Shelby Township awarded thousands in funding for evaluating roads

By: Kara Szymanski | Shelby - Utica News | Published November 16, 2021

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SHELBY TOWNSHIP — On Oct. 20, the Southeast Michigan Council of Governments announced that it had awarded more than $56,000 in state funds to communities throughout the seven-county southeastern Michigan region to support local road asset management planning.

Specifically, the communities that received funds will be using those funds to evaluate the conditions of road surfaces. SEMCOG put out a call in July for projects to use these funds, and the result was 15 funded applications.

Shelby Township has been awarded at total of $10,090.19 to evaluate 286 miles of roads. Of the 15 projects awarded funds, Shelby Township’s project is the second largest. The largest project belongs to Oakland County, which will be evaluating 515 miles of roads. The third-largest project belongs to Royal Oak, which will be evaluating 249 miles of roads. Macomb Township received an award to rate 234 miles of roads. Taken together, the 15 government bodies that received funding awards from SEMCOG will rate 1,792 miles of local roads.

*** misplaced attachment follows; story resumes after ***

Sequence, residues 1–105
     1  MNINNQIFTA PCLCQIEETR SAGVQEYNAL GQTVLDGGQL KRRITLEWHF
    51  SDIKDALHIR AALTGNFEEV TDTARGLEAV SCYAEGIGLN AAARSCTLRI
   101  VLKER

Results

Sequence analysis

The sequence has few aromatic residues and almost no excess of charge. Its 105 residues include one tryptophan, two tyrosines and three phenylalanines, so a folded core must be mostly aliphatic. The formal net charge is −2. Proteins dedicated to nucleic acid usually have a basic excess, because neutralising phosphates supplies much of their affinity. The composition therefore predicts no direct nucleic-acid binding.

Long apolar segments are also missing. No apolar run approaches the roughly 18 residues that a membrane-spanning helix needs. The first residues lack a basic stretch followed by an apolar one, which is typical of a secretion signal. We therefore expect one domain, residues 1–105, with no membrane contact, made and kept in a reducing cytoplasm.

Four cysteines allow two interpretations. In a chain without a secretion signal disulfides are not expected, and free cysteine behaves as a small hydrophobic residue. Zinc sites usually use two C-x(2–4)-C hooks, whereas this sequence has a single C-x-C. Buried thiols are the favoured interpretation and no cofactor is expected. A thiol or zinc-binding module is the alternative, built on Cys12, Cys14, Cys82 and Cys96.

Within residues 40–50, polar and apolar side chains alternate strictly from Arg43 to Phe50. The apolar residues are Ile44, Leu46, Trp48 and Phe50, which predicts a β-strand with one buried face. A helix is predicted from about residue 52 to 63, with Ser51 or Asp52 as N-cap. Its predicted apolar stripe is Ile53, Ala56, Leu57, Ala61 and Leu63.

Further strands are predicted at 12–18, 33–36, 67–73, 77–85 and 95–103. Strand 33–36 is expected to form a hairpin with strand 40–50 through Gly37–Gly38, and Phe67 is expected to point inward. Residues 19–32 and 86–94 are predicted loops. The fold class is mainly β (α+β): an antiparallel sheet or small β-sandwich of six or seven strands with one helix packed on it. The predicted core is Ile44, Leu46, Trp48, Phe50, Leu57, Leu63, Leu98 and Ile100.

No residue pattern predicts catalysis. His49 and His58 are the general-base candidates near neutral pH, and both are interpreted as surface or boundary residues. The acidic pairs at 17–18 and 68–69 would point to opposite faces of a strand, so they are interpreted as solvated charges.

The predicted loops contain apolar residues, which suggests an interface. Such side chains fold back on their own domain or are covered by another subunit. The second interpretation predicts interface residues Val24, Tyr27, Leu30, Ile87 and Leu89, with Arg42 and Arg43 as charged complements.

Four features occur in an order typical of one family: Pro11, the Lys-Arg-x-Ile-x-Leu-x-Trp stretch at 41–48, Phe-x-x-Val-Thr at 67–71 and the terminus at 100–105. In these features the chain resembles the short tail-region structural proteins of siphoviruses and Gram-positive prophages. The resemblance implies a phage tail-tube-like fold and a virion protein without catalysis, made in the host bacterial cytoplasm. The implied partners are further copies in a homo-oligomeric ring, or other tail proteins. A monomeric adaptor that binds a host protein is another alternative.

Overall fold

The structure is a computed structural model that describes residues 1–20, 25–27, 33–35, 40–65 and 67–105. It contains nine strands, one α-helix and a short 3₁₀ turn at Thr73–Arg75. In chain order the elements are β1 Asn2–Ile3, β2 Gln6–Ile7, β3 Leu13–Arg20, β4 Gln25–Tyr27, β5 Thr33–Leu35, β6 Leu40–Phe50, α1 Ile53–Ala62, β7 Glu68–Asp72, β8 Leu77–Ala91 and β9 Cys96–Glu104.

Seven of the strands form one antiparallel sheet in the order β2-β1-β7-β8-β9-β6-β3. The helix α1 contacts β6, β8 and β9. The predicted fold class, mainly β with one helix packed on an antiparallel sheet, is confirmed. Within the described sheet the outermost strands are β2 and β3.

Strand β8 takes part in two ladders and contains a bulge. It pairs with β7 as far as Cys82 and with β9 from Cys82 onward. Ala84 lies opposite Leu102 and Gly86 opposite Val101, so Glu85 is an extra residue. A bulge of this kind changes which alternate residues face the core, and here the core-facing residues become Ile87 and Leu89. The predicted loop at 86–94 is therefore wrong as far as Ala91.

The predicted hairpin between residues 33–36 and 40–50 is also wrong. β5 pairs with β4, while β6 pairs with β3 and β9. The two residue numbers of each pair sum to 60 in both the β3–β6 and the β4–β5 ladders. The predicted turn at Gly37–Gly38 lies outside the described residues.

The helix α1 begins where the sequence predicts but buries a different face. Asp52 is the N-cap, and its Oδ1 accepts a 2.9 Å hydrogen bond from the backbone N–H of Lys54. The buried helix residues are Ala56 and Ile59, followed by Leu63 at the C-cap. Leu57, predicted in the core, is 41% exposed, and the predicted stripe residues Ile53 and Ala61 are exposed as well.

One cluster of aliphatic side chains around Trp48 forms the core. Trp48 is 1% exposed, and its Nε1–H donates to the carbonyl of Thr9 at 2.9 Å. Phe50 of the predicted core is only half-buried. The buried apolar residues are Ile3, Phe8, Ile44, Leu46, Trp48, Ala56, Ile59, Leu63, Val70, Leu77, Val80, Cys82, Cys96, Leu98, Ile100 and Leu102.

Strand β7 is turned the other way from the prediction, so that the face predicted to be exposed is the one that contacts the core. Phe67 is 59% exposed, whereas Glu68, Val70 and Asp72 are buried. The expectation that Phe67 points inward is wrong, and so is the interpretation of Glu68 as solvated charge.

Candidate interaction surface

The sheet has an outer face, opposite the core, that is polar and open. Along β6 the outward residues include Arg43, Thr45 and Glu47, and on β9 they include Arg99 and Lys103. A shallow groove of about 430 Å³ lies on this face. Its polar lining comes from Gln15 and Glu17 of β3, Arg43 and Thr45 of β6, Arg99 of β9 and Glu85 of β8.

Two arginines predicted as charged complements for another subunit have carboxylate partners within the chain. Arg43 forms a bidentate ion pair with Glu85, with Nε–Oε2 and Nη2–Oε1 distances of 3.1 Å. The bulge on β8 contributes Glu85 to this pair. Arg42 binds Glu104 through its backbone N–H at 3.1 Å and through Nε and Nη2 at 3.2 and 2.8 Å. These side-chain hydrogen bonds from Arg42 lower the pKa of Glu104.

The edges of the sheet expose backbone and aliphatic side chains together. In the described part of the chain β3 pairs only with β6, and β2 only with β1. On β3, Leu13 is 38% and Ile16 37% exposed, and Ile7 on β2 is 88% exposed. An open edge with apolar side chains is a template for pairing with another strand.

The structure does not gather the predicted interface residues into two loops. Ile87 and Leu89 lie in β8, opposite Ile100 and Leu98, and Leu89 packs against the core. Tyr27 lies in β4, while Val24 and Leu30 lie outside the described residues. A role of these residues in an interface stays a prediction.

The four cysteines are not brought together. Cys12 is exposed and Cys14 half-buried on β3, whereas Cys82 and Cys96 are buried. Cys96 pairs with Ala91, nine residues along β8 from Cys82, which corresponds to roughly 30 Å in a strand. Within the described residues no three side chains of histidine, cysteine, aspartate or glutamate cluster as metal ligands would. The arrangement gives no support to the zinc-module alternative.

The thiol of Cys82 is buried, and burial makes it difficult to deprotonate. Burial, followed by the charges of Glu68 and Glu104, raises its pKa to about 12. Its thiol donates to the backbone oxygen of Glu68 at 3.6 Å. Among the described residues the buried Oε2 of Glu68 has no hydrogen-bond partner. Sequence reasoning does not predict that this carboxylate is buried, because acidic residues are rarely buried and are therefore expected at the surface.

Shelby Township Trustee Vince Viviano said the township really needed this award to help revive many of its roads.

“I think it is great not only for Shelby Township getting the influx of funds, but the region and the other communities receiving the funds also is a windfall for all of us,” Viviano said in an email.

Since 2018, SEMCOG has followed guidelines from the Transportation Asset Management Council and expanded the practice of asset management to nonfederal-aid-eligible roads — residential streets — for implementing the concepts of asset management and to improve investment in southeastern Michigan’s roads through coordination and collaboration.

The program has reimbursed 39 communities more than $136,000 while collecting road condition data on more than 3,900 miles of local roads and residential streets, according to SEMCOG.

“Effective, impactful infrastructure investment relies on an accurate assessment of the condition of existing assets. (The Michigan Department of Transportation) and many of our regional transportation partners collect this type of data on the most heavily traveled roadways throughout the region to support sound investment, and these local awards enable communities to jump-start their own asset management efforts,” Amy O’Leary, the executive director of SEMCOG, said in a prepared statement.

SEMCOG promotes asset management as a way of improving the region’s infrastructure while giving attention to cost effectiveness, safety and sustainability. With the monies awarded, local streets will be rated using the Pavement Surface Evaluation and Rating, or PASER system.

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